2/ Hanging big paintings and photos on top of places where you sleep or lay down (bed, couch, or chairs). Safety is number one, so never place anything heavy on top of the bed. Yes, I know, it’s what designers do in just about any bedroom. Sorry, heavy art!
3/ Positioning beds, sofas, desk chair with your back to the door. You may not feel this consciously but in order to feel safe, we need to be in the "command position" (i.e. we need to know that no one is going to come from behind and surprise us). Our amygdala, a primitive part of our brains, is conditioned to be on alert when we cannot see what is behind us and will be preparing to respond in a flight or fight mode. If you cannot change your desk position, I recommend attaching a small rear-view mirror on top of your computer screen so that you can see what is behind you at all times.
4/ Seduced by a beautiful object that does not fit the criteria of “comfort and safety”. Sharp edges, wobbly furniture, a painting above the bed, prickly cacti inside the home (and in accessible areas of the garden) are all very poor ideas. We react strongly and subconsciously to threatening objects and situations. A client I had was once almost seduced by an Italian designer table with a sharp edged glass top and with feet that designed a “V” which formed two threatening “arrows”. That's a no-no.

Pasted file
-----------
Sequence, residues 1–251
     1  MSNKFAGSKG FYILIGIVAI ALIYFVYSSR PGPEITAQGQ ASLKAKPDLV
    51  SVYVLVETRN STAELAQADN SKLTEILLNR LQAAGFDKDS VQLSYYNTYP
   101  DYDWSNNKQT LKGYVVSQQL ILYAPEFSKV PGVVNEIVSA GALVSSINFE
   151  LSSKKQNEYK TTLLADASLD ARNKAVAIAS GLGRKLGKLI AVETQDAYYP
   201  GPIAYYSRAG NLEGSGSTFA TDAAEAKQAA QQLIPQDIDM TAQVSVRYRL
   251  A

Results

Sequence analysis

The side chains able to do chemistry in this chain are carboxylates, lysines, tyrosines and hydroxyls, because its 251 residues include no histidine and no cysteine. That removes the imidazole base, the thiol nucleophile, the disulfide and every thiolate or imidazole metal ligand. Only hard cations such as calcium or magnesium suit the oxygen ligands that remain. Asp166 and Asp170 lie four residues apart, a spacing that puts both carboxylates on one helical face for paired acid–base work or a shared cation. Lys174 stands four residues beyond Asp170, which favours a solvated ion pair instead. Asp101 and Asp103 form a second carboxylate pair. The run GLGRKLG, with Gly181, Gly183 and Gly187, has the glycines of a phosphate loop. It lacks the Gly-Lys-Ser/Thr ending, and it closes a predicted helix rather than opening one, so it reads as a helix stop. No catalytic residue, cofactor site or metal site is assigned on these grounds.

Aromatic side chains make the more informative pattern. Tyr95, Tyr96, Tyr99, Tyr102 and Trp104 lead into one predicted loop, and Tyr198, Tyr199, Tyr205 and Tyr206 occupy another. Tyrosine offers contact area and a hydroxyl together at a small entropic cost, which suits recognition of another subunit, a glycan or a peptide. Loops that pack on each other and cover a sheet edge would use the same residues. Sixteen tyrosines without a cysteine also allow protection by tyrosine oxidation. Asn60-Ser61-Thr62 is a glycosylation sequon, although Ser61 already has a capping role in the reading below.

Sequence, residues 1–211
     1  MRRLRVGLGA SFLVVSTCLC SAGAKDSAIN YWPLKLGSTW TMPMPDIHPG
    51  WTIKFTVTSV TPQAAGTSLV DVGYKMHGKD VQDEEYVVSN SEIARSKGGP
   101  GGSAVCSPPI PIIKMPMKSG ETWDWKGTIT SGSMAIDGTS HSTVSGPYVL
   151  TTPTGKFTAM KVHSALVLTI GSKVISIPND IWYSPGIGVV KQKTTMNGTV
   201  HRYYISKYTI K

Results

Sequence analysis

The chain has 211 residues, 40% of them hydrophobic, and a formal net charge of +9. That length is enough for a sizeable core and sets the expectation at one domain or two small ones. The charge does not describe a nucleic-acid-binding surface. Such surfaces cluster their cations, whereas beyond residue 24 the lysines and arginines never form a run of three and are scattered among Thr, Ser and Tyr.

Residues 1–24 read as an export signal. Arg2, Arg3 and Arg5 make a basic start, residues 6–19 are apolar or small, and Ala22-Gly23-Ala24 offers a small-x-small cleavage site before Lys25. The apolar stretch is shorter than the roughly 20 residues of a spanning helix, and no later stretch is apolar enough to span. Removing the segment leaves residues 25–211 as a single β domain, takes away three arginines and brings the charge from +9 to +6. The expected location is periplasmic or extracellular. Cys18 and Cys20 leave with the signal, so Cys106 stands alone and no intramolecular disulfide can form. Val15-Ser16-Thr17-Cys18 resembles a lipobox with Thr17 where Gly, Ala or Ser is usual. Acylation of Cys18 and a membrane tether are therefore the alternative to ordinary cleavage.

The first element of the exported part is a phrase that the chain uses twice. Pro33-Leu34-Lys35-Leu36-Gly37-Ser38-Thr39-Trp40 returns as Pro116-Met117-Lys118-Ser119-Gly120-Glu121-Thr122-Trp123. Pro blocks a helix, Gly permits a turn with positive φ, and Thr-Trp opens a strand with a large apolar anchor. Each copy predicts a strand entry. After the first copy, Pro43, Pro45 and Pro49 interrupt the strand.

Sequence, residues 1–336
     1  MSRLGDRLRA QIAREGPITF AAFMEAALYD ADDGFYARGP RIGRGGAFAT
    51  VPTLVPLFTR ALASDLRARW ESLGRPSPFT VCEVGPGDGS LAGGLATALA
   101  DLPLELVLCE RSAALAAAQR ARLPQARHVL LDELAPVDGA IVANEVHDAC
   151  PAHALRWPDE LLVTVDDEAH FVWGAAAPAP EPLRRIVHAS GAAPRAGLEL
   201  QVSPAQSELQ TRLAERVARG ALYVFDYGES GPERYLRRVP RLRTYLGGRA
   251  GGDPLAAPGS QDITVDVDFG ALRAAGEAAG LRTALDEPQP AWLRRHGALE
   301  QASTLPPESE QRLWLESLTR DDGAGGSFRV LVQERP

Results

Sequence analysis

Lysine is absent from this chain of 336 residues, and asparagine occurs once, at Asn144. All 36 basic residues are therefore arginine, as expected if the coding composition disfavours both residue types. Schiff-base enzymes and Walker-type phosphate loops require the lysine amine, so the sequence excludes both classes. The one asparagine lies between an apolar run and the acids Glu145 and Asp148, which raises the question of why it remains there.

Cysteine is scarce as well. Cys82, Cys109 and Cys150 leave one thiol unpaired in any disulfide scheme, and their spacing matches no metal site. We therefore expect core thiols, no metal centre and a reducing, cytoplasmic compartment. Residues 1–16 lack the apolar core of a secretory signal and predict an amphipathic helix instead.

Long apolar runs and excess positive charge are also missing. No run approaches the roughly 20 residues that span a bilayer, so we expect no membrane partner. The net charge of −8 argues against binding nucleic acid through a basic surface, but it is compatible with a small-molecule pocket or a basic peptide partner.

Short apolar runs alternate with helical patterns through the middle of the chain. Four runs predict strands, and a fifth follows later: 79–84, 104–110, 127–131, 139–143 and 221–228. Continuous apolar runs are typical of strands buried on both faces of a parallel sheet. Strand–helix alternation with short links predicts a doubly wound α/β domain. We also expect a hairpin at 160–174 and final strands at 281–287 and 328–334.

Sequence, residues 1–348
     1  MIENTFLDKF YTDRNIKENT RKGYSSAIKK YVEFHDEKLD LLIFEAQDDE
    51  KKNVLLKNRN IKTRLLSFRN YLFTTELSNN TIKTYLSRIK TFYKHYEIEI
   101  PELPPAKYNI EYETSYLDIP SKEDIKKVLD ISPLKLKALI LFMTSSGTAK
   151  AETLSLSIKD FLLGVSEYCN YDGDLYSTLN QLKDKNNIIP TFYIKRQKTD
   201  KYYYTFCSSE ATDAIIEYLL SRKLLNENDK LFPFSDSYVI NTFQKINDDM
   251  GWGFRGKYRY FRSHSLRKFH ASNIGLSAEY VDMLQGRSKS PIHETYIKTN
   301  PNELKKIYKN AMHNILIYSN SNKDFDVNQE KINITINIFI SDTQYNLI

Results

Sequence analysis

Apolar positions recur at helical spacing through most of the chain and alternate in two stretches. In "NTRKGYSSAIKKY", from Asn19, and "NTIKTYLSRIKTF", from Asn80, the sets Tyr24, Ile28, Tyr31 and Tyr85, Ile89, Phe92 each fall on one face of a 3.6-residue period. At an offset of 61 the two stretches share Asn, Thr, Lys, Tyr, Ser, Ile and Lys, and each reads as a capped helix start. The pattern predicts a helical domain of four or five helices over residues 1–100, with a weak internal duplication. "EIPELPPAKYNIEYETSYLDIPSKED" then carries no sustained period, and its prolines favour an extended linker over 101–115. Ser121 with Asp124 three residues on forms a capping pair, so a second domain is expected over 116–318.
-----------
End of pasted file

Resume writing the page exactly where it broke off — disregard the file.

5/ Beware of “tortured art”. I had a client once who absolutely refused to remove her “drowning woman” photo series by a famed photographer. While her life otherwise became extremely fulfilling, she has not yet been able to find love. Pictures of single people especially if depicted as sick, lonely, or unhappy are not at all good for you, so remove them! Look around and question those objects, art and photos! What do they communicate to you?
6/ Only paying attention to one of the areas of your life you desperately want to improve. Say you absolutely want to get wealthy (wealth gua). Make sure you also enhance the areas that will help you get the abundance you want. Are you planning to get wealthy through your excellent reputation or customer service (fame and reputation area)? Is it through opportunities coming your way or thanks to a mentor or a boss (in the helpful people area)? Is it through getting recognized at your work (your career area)? or if you are a teacher, a coach, or a student, is it through your knowledge and self-cultivation area? Everything is connected, so do not focus on one thing only.